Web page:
homicide during the two years 1903-4 was 9.56 per 100,000 of population. In Cincinnati, the average for the six years 1898-1904 was 6.2:5. In 1890 the disparity was still greater, the ratio being 4.04 in Cincinnati and 13.01 in Cleveland." This higher rate is ascribed at length to the influx of foreigners into Cleveland, in spite of the contrary view of the chief-of-police, from whose report the figures are derived. But is it not true that in a decade this crime has increased 50 per, cent, in Cincinnati and decreased over! 25 per cent, in Cleveland, in spite of the latter's growth in 'undesirable' population? Still, the foreigners in Cincinnati are not bad enough for Mr. Shipley's purpose; he therefore records that the 18.61 per cent, of foreigners in its white population allowed by the Twelfth Census furnished 64.04 per cent, of the 7,135 whites arrested in 1904; he then enumerates the arrests for murder and attempted murder and calmly asserts that 'a large proportion of these crimes were undoubtedly committed by foreign-born whites,' although the figures at his command do not seem to even admit of the usual separation of whites and negroes. Anybody ignorant of the fact that 'arrests' are made for misdemeanors as well as felonies might infer a connection between the percentages quoted above and the tendency toward homicide, which Mr. Shipley would doubtless be the first to deny; nevertheless, such careless juxtaposition must seriously the authority of an investigator.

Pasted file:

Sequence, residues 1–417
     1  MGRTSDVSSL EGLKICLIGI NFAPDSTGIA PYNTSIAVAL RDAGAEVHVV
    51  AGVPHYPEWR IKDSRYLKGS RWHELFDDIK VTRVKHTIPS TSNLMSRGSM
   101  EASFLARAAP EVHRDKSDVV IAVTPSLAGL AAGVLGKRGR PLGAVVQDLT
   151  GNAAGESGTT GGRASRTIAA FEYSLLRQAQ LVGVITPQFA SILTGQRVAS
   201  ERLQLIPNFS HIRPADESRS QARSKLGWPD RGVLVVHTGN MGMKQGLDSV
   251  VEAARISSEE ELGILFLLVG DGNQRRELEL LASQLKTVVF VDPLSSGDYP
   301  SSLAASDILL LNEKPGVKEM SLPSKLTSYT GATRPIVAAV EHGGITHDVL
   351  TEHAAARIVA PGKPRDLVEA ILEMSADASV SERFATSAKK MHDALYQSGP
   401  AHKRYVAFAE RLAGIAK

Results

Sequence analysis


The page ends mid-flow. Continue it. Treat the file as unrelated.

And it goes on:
Murder is the most atrocious crime in our penal code; before we throw the suspicion of homicidal proclivities upon hundreds of thousands of innocent immigrants, let us weigh our evidence seriously and see whether our own statistics are truthful. Is wilful homicide reported and punished uniformly throughout the country? Do our courts deal equally with the foreigner and the native, the Caucasian and the Mongolian, the rich and the poor? Is a classification into nationalities sufficient, or must age and sex also be taken into account? Are certain occupations, leading to violent habits, chosen by the immigrant from inclination or forced upon him by our social and economic conditions? Is the Italian, the Russian or the 'Hun' less amenable to law than were the founders of the Texan Republic, the 'fortyniners,' the 'Filibusters,' the 'cowboys' and the 'rustlers'? Above all, is Mr. Shipley right in asserting, on page 168 of his article, that the second generation of foreigners is always worse than the first; if that be true, what becomes of the boasted strength of our American civilization?